Those residents with long memories remember that, once upon a time, the island was rich in water. Streams babbled across the landscape; springs bubbled out of the rocks. There was even a river that ran all year round ­ the Riu de Santa Eulària, still sadly signposted as you cross the dusty river bed. Tourism has sucked the island dry. There has been no river for 20 years, and most of the springs have disappeared. Of all the problems Ibiza faces, potentially the most serious is water ­ or the lack of it. If it weren't for two new desalination plants in San Antonio and Ibiza City the situation would already be desperate. Of the seven underground water sources supplying the island, five have been so over-exploited that sea-water has seeped in, rendering the water undrinkable and unsuitable for irrigation. It is illegal to sink new wells without permission, yet they are still being dug all the time, reaching ever deeper into the rock. My neighbours on the farm next door are digging as I write, the heavy machinery making the mountainside quake and groan. Word in the village is that they have reached 200m and still not found water.
It is now nearly April and the dust whirls around the parched fields. It hasn't rained properly since last autumn, and my almond trees are suffering. Some have already died, and many more will perish in the coming months. While this winter in mainland Spain, agricultural land has been laid waste by flooding, here it has been frazzled by the worst drought in living memory. Here on my smallholding in the far north of the island, one of the last corners of Ibiza relatively untouched by development, I have watched in despair for the last three years as successive crops of beans, wheat and barley have struggled to germinate and then shrivelled in the bone-dry winter wind. Already the drought and the weird weather patterns seem like a harbinger of climate change. How much further the process will go is anybody's guess ­ perhaps to full-scale desertification, as is already happening in parts of Almería and Murcia on Spain's south-east coast.
But the social climate of the island, famously benign, is changing too. For years the curiosity and tolerance of the ibicencos ensured that a certain equilibrium prevailed between local and expatriate populations. Equally, locals were as happy to sell off their crumbling farmhouses for astronomic prices as foreigners were happy to take them off their hands. But something had to give. With the morality that comes with new money, the ibicencos are more likely than ever to disapprove of foreign fecklessness. Traditional rural culture, the island's psychological cornerstone, is finally dying, and ibicenco society feels increasingly sullen and anxious. Spray-painted graffiti that has begun appearing in Catalan on walls and buildings: "No more land to be sold to the Germans. Don't sell your heritage." It may be the work of mischievous kids, but it is my sense that more and more ibicencos share that view. "The land isn't for us country people any more ­ it's only for the rich foreigners who fence in their farms and tell the locals to get lost if they come too close," says Toni Ferrer, a farmer near the German enclave of Sant Carles.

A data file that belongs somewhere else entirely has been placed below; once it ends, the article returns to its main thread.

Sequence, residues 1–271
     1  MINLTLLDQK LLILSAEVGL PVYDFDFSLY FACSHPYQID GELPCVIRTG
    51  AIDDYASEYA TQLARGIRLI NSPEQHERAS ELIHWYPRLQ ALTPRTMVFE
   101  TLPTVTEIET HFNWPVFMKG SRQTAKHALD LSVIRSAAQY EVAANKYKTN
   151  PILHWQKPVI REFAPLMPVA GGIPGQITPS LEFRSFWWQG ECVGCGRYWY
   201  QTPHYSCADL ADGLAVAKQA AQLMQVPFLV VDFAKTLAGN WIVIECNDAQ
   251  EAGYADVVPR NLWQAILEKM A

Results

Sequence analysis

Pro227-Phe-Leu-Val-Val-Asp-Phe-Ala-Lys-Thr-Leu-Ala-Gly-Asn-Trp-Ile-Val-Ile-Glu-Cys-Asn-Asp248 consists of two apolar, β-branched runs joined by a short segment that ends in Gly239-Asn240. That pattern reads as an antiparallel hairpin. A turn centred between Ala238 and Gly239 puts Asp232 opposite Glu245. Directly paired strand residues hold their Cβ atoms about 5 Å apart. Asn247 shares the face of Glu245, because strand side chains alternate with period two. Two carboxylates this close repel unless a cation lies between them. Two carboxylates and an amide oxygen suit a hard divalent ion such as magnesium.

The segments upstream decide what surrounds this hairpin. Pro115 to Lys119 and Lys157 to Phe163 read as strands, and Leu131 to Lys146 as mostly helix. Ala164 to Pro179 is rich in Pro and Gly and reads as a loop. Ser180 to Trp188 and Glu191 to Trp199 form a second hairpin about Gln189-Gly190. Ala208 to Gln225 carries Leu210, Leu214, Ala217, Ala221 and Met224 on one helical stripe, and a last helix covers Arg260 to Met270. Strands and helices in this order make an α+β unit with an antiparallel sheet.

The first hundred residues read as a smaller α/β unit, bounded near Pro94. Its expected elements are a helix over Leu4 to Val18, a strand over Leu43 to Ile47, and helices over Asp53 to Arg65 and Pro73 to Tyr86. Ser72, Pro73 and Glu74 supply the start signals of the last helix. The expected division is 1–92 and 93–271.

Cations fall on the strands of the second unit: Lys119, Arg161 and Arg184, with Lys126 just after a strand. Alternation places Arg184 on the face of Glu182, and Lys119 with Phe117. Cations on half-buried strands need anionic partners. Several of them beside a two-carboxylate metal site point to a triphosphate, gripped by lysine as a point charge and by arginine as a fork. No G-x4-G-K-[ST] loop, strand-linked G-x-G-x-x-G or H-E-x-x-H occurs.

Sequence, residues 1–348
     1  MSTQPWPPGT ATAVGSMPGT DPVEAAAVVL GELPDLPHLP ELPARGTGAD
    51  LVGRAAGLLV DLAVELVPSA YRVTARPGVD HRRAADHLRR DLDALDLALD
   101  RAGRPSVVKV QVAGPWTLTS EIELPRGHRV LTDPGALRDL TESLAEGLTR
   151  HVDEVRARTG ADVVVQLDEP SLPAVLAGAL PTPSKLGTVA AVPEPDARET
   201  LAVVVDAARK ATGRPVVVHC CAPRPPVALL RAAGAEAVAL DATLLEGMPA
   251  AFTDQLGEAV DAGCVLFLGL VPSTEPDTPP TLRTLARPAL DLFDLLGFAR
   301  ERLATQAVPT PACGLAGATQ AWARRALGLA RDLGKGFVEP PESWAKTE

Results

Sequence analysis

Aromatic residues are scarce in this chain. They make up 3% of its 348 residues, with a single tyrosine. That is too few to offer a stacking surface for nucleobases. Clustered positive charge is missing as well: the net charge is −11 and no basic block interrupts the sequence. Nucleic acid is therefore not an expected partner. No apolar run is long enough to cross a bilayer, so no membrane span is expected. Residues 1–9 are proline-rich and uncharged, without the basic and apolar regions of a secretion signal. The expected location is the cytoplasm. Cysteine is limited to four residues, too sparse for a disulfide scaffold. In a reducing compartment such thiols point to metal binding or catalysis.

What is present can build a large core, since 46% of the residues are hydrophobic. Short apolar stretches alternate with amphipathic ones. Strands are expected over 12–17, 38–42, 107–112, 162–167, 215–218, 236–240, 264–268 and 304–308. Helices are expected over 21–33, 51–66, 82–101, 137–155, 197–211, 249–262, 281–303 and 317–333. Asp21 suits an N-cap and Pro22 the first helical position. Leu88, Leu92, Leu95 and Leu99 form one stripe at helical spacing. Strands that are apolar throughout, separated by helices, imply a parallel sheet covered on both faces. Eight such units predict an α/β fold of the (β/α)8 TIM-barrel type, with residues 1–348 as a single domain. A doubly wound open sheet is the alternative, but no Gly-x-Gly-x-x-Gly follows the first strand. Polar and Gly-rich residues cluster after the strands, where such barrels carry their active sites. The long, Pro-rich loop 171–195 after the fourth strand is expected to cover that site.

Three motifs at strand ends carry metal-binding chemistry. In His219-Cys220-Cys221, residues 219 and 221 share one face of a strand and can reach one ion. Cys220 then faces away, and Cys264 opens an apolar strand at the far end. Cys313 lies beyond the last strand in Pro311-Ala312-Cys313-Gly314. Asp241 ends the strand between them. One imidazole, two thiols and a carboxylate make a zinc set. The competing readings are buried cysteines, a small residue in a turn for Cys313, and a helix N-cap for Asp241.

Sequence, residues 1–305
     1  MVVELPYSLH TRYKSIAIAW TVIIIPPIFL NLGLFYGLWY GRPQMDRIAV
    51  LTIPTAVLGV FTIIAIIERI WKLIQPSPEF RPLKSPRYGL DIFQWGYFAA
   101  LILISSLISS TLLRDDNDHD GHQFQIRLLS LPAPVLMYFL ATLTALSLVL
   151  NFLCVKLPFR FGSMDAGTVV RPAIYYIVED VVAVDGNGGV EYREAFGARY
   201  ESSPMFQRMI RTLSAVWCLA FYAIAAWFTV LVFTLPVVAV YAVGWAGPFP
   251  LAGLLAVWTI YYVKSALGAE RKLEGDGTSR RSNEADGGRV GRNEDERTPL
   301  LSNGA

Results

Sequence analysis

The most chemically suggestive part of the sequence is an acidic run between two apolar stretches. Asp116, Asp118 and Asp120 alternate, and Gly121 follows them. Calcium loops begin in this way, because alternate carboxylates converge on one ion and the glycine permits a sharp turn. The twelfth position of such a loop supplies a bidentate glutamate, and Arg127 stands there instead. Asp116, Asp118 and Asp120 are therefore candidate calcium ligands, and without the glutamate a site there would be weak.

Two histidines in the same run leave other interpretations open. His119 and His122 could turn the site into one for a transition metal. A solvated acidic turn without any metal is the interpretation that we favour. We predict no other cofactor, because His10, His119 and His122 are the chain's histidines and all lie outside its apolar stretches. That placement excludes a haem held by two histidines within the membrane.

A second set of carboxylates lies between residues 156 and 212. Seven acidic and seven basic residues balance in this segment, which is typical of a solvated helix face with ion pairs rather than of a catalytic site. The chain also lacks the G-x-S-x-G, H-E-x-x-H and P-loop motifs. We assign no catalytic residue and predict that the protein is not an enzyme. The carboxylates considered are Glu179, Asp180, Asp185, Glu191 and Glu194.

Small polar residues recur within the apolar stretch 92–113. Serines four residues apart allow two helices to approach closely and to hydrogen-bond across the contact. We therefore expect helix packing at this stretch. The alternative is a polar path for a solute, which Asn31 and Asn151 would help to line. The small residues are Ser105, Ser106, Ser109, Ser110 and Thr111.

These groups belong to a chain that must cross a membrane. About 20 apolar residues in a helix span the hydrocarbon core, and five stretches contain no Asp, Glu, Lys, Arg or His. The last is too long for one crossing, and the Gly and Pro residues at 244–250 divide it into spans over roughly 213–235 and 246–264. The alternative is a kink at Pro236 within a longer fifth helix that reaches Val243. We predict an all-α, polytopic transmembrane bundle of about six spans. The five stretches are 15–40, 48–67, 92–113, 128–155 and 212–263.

In the face of all this gloom, what the island needs are political solutions. And political solutions are what it voted for in the local elections of June 1999 when, in a historic overturning of the right-wing Partido Popular (PP) that had governed the island since the death of Franco, the Pacte Progressista was swept to power. Earlier that year, the population had turned out in force to demonstrate against a proposed golf course at Cala d'Hort, a beauty spot on the south-west coast opposite the much-photographed rock of Es Vedra. But the protest was as much about reckless and unsustainable development in general as about any act of urbanismo in particular. In an opinion poll that year no less than 81 per cent of those questioned said they opposed any further increase in tourism.